Summing up the workshops, LPS Director of Doctoral Studies and Professor of Politics Aleks Szczerbiak said:
‘It was a great shame that our in-person away day had to be cancelled and there is obviously no substitute for the face-to-face discussions and invaluable side-conversations that take place at such events (not to mention the food!). But I am delighted that both LPS faculty and doctoral researchers, and colleagues from other parts of the University, were so willing to come forward and make the online workshops such a success. One up-side was that several PhD researchers who would not have been able to make it down to Brighton for an in-person away day could attend. We will certainly continue with these kind of online professional development events, alongside normal in-person ones, in the future.
‘Two key themes that emerged from the sessions were ‘start early’ and ‘get help’. It is important to start all of these professional development tasks as soon as possible in order for doctoral researchers to make themselves as employable as possible in what is a very tough academic and non-academic jobs market. In LPS and at Sussex more broadly we put a lot of effort into helping our PhDs prepare to meet these challenges. We are also very fortunate that there are plenty of resources to help our doctoral researchers in all of these areas from faculty, fellow PhDs, and other colleagues within the University working in services such as the Careers and Employability Centre and the Doctoral School.’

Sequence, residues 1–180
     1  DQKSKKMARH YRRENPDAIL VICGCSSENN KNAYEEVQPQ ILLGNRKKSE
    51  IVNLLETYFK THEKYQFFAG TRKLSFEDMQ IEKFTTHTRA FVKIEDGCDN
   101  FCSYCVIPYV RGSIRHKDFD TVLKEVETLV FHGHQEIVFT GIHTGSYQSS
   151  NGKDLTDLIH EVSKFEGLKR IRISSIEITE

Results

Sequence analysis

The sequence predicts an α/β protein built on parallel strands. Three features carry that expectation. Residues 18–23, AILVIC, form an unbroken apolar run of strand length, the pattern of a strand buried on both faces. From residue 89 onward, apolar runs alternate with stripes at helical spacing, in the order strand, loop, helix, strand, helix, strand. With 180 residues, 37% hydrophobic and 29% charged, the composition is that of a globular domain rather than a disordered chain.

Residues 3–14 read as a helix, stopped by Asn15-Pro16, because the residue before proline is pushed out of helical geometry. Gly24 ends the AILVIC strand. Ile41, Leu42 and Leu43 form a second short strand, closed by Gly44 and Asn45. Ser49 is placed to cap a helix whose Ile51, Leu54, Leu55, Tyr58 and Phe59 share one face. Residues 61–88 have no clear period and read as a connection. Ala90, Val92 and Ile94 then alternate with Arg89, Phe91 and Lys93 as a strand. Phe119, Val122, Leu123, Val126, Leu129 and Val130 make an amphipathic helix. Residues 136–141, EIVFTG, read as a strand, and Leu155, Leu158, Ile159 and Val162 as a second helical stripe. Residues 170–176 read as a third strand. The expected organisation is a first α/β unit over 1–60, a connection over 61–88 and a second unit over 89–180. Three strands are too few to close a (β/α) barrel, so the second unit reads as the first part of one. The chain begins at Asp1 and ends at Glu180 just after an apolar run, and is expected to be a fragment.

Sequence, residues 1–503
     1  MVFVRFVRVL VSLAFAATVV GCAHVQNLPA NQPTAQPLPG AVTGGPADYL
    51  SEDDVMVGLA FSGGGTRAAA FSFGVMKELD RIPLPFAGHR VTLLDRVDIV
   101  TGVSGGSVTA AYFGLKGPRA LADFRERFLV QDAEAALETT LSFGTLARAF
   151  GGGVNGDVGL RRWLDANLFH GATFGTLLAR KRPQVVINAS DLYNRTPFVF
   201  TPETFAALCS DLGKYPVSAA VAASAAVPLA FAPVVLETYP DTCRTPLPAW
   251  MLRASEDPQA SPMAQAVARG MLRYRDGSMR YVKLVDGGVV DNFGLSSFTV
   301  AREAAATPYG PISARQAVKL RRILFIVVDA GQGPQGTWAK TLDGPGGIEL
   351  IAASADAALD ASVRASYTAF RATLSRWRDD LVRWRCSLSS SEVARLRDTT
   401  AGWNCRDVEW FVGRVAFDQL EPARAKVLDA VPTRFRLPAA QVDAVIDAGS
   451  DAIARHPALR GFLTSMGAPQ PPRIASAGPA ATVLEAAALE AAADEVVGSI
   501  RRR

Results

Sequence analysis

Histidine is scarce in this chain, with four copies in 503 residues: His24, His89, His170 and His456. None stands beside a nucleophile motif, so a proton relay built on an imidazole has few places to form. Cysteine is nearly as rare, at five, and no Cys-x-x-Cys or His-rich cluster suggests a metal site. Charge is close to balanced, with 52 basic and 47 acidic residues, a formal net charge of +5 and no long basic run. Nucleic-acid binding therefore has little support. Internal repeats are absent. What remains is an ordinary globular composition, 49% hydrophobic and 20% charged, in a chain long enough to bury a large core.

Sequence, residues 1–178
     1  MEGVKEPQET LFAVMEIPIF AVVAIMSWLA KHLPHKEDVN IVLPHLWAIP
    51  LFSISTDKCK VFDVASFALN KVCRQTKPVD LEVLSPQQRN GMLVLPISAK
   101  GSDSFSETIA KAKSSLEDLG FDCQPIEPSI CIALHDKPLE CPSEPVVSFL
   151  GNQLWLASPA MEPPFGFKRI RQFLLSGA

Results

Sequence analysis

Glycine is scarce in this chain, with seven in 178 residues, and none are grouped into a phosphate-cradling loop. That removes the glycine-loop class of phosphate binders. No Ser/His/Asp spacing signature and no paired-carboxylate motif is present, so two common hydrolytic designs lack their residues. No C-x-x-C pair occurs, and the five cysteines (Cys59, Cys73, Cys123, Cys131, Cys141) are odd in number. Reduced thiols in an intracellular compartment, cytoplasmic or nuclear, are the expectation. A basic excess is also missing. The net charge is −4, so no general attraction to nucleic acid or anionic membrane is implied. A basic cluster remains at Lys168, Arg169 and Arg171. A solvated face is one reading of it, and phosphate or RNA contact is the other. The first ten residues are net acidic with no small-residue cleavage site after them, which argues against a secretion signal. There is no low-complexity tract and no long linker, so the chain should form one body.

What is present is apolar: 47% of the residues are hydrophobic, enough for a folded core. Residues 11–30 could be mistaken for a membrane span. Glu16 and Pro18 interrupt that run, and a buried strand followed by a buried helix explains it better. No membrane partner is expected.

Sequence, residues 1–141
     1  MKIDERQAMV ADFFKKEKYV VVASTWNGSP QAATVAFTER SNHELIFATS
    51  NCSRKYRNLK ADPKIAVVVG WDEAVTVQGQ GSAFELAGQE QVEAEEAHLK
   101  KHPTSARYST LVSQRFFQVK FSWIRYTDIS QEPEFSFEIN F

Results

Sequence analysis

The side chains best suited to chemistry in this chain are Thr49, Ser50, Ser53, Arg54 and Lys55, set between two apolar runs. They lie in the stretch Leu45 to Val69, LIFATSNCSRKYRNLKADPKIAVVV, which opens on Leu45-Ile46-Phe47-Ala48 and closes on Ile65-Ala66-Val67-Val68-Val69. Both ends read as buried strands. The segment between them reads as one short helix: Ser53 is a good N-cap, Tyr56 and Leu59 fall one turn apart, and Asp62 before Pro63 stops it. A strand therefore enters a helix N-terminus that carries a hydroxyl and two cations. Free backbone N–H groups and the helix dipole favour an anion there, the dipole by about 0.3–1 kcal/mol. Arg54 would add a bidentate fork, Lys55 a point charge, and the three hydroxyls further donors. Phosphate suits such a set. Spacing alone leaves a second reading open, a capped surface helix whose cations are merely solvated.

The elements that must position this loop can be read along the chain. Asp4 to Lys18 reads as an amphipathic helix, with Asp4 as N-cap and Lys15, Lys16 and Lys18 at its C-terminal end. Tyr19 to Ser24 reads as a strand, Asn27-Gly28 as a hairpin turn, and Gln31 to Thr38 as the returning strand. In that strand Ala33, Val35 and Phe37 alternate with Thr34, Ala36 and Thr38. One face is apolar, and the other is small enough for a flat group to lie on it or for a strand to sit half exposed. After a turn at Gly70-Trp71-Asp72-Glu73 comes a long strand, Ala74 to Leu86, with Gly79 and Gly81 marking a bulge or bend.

The webinar will be moderated by Prof Joseph Alcamo, director of SSRP and a professor of environmental systems science. He previously served as the first Chief Scientist of UNEP, and play a strategic role in the international climate negotiations leading up to the Paris Agreement.
Given the uncertainty that haunts our everyday right now (hello Covid-19), why not give in to the pull of nostalgia just for a weekend?
Sign up (it’s free!) for a movie night, music evening, and more. The schedule is as follows.
Friday, 3rd July: (Throw)back to the Future